• I don’t recall writing about graveyards over the past decade and a half of writing about property in Ireland so this is a first for me:  Philip Connolly in The Sunday Times today reports that  Kilternan Cemetery Park  has raised €5 million  in debt funding from private investors to develop-which I take to mean landscaping and plot preparation- the cemetery, which is on track to show profits in excess of €840,000 this year.


  • The same Journalist also has an in-depth feature  on student accommodation in the capital on page 5 of the Business section entitled ‘Bricks and Mortarboards’.  If your focus is on student accommodation I definitely recommend picking up The Sunday Times today for this feature alone  as it gives a good overview of the current projects and breaks down the number of beds due to be delivered  in 2018.


  • In The Sunday Business Post today Jack Horgan-Jones  quotes Hibernia Reit chief Kevin Nowlan speaking about the viability of Reits  “My view would be that you need to be over €500 million. That probably means you need to have €300 million of stock and €200 million of cash. I think the challenge is scale. If you’re too small, people aren’t interested“.


  • Also in the SBP, Róisín Burke reports that developers Maurice and Andrew Gillick,  who purchased the former Chivers site from Liam Carroll, have been successful in getting it rezoned for residential. This paves the way for them to develop 250 new homes.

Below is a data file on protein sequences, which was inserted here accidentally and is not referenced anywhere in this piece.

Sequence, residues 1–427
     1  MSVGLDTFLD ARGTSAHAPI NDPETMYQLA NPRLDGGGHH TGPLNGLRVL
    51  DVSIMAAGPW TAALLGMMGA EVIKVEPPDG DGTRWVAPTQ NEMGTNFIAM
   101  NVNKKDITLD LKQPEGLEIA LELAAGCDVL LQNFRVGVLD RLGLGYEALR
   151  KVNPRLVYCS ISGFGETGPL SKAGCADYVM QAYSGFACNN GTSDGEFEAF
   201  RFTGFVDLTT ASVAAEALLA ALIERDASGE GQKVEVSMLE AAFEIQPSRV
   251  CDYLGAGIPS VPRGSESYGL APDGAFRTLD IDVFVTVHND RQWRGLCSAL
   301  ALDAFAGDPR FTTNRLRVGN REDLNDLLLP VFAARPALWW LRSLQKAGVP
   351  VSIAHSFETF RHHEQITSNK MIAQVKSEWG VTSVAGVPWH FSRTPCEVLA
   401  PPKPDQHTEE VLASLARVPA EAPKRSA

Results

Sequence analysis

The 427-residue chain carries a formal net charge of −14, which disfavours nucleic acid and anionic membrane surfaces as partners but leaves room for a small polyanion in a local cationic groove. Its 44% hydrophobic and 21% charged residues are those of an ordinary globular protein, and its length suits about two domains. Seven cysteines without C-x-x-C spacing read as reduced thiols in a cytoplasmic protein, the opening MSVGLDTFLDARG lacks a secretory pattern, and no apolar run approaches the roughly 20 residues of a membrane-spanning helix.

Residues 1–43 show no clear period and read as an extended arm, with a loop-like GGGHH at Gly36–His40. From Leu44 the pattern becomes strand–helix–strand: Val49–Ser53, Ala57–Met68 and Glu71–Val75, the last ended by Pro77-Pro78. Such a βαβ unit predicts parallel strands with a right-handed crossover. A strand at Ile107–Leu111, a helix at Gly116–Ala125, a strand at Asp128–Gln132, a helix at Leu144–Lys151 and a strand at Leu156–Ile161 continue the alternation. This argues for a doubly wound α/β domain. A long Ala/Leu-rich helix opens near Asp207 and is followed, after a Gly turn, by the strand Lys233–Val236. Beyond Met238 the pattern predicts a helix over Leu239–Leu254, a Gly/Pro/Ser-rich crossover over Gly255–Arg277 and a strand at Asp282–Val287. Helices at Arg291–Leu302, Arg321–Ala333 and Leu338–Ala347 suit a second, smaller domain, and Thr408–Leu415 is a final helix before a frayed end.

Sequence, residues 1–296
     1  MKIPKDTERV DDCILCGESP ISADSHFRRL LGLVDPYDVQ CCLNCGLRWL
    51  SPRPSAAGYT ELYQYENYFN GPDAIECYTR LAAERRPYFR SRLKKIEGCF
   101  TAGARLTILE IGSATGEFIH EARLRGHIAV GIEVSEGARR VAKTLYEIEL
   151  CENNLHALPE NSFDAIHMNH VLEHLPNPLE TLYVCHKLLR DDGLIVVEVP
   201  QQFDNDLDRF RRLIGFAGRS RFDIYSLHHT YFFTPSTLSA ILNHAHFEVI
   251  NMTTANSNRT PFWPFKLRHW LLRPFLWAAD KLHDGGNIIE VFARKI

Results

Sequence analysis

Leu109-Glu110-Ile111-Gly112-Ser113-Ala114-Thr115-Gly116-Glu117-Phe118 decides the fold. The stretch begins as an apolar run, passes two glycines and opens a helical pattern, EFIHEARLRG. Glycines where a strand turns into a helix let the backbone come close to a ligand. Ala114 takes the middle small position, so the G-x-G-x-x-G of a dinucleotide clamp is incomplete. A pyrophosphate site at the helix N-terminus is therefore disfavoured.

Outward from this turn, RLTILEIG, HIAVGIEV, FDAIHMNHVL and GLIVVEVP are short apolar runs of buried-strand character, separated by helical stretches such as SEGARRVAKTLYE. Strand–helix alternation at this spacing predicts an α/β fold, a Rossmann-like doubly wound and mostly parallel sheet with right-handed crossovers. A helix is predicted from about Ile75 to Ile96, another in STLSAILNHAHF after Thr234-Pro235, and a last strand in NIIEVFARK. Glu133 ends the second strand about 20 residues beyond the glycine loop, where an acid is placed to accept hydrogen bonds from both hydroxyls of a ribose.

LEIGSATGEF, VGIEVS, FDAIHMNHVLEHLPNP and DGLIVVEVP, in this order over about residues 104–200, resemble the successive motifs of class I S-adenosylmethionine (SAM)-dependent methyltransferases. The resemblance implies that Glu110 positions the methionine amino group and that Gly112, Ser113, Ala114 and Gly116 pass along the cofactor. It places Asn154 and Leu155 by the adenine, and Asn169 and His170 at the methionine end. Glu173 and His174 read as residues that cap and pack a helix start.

Proptech and Construction Innovation



  • 2018 Proptech Guide to Virtual Tours and VR in Real Estate via – Why are Virtual Tours and VR in #Proptech still so misunderstood in 2018? Like a lot of phrases in the “Proptech” industry, Virtual Reality has been a buzzword for some time now. Technologies like “Blockchain” and “Artificial Intelligence” have suffered a similar fate:




  • To keep up-to-date on all things tech and innovation for the planning, construction and property industries, head over to, the national resource website for innovators, investors and mentors or email .

Property Insiders Guide


As many of you might know, my annual property book The Irish Property Buyers’ Handbook (since 2011) has undergone a rebrand for 2018 and will now appear as part of The Property Insider series, published by Oak Tree Press, the first three titles are now published and available here.